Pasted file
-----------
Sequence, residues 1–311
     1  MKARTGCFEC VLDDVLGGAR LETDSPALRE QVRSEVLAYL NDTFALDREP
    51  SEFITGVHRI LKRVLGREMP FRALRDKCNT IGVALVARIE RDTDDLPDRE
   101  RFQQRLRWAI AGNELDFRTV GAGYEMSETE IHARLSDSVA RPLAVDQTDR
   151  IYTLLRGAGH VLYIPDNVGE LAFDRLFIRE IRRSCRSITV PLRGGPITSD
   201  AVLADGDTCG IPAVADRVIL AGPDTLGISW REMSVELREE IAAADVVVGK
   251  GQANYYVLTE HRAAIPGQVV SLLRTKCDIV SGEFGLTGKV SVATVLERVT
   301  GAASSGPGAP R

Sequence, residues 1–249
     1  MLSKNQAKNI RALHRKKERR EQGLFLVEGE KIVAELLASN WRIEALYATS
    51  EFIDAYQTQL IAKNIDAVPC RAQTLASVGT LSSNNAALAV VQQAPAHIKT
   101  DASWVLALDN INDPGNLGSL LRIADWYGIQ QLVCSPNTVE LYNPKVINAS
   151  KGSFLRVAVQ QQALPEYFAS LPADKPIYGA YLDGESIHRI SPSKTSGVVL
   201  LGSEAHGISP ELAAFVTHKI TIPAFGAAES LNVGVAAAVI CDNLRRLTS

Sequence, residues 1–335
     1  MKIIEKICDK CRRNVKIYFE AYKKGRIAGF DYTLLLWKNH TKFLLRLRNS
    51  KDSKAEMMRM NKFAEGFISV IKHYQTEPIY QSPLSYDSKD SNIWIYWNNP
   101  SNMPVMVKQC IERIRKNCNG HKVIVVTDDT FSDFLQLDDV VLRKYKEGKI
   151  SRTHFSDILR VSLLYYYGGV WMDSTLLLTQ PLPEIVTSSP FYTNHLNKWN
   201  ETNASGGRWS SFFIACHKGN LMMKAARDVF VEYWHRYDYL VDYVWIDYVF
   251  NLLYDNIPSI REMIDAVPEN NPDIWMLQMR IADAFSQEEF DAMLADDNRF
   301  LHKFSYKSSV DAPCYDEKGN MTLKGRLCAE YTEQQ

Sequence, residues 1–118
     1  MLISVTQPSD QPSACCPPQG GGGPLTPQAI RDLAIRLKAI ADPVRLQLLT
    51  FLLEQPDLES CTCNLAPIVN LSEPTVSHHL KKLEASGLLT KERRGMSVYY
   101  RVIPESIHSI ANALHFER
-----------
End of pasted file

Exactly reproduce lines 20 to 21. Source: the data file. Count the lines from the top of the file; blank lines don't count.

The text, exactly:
   201  ETNASGGRWS SFFIACHKGN LMMKAARDVF VEYWHRYDYL VDYVWIDYVF
   251  NLLYDNIPSI REMIDAVPEN NPDIWMLQMR IADAFSQEEF DAMLADDNRF